Sex & Relationships

Why chocolate is the best form of therapy

Forget talking to a shrink. As Kerri Sackville explains, sometimes you just need some chocolate to solve your problems.
Chocolate is a form of therapy

It started with a liquorice bullet.

It ended with me collapsing into bed, my body plummeting after my sugar high, having eaten all the chocolate in my house in less than half an hour.

But first, the backstory.

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Yesterday was not a great day.

My back was sore.

I was upset about an issue with a close friend.

I’d worked frenetically and still not finished my To Do list.

I’d spent two full hours in the car schlepping three kids to three different locations.

And I’d returned home at 6pm to discover that my delicious beef dinner was still a cold, raw slab in the pot.

Apparently, the slow cooker only works if you remember to turn it on.

By the time I’d rustled up a new dinner, cleaned up, done the laundry, and got the kids sorted, I was exhausted mentally and physically.

A little treat, I told myself. I deserve a little treat.

I had a few chocolate bullets in the fridge, the remnants of a party bag.

I threw them all into my mouth and chewed.

The hard liquorice made my jaw ache.

It was surprisingly satisfying.

On a normal day, that little treat would have been enough.

I would have enjoyed my bullets with a cup of tea and be done for the night.

But last night, after my really low day, it was only the beginning.

I decided I needed something more.

I returned to the fridge, and found a mini Milky Way, which I proceeded to eat right there in the kitchen.

It was delicious.

By now, I was getting into my groove.

I rummaged further through the kitchen and then I hit the jackpot.

Reece’s Peanut Butter cups. Eight of them.

Now, I don’t really like Peanut Butter cups.

I love peanut butter, and I love chocolate, but the combination in this particular confectionary is too sweet and sickly for my tastes.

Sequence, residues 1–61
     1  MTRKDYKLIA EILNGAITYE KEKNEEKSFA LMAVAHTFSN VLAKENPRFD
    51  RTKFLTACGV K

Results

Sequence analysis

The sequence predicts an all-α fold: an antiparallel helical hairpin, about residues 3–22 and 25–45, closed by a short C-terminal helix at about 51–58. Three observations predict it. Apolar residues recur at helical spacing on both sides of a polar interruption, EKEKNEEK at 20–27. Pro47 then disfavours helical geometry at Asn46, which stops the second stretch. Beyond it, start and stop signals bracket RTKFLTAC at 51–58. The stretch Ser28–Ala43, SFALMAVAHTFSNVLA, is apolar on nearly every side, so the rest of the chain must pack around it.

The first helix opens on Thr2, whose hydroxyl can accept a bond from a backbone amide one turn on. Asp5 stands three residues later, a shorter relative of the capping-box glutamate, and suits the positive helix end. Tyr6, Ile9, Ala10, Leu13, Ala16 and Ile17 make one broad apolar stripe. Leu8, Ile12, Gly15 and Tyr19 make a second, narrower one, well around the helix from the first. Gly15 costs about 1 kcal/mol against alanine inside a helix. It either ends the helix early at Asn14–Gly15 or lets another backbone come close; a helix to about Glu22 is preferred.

But last night, mere issues like ‘taste’ didn’t matter.

It was chocolate.

And I needed the sensation of chocolate, the feeling of chocolate, the emotion of chocolate, rather than the taste of chocolate.

I needed chocolate to fill me up, to comfort me, to take my mind of my exhaustion and my upset and the bad day.

And so I unwrapped the cups and shoved them in my mouth, one by one, until all eight were gone.

Well, I didn’t feel too good after that.

The cups didn’t leave a good taste in my mouth.

On a different day, I would have called it quits.

But this wasn’t a different day, this was yesterday, and I needed to keep going, and so I finished the one remaining chocolate bar in the fridge.

A plain, Cadbury’s Dairy Milk. It was excellent. I ate it all.

And then I returned to the couch, my head swimming with sugar.

I was no longer thinking of my To Do list or my upset or the cold slab of beef.

I was thinking about all the chocolate I had eaten and how full I felt.

But that’s okay.

It’s not a crime to be comforted by food occasionally.

Yes, you should eat well and drink lots of water and treat your body like a temple.

But it’s also okay to have a binge now and then.

Sometimes, you just have to eat all the chocolate and then take yourself to bed.

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